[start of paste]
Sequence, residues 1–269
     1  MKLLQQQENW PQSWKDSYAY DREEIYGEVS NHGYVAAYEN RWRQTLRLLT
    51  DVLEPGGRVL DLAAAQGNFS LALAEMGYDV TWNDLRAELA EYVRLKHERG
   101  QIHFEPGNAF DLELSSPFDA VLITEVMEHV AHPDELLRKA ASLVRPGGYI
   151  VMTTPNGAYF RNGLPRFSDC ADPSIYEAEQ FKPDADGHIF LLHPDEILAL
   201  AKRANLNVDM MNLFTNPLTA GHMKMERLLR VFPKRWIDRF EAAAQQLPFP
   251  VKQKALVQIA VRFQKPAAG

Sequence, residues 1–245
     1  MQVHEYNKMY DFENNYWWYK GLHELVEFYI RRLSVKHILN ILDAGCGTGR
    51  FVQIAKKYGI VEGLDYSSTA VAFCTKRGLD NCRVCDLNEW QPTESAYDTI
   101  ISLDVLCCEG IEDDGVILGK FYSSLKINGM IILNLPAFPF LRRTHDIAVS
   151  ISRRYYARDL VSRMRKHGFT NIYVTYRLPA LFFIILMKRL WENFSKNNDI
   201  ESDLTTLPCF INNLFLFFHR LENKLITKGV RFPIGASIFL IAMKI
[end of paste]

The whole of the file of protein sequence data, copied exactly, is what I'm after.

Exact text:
Sequence, residues 1–269
     1  MKLLQQQENW PQSWKDSYAY DREEIYGEVS NHGYVAAYEN RWRQTLRLLT
    51  DVLEPGGRVL DLAAAQGNFS LALAEMGYDV TWNDLRAELA EYVRLKHERG
   101  QIHFEPGNAF DLELSSPFDA VLITEVMEHV AHPDELLRKA ASLVRPGGYI
   151  VMTTPNGAYF RNGLPRFSDC ADPSIYEAEQ FKPDADGHIF LLHPDEILAL
   201  AKRANLNVDM MNLFTNPLTA GHMKMERLLR VFPKRWIDRF EAAAQQLPFP
   251  VKQKALVQIA VRFQKPAAG

Sequence, residues 1–245
     1  MQVHEYNKMY DFENNYWWYK GLHELVEFYI RRLSVKHILN ILDAGCGTGR
    51  FVQIAKKYGI VEGLDYSSTA VAFCTKRGLD NCRVCDLNEW QPTESAYDTI
   101  ISLDVLCCEG IEDDGVILGK FYSSLKINGM IILNLPAFPF LRRTHDIAVS
   151  ISRRYYARDL VSRMRKHGFT NIYVTYRLPA LFFIILMKRL WENFSKNNDI
   201  ESDLTTLPCF INNLFLFFHR LENKLITKGV RFPIGASIFL IAMKI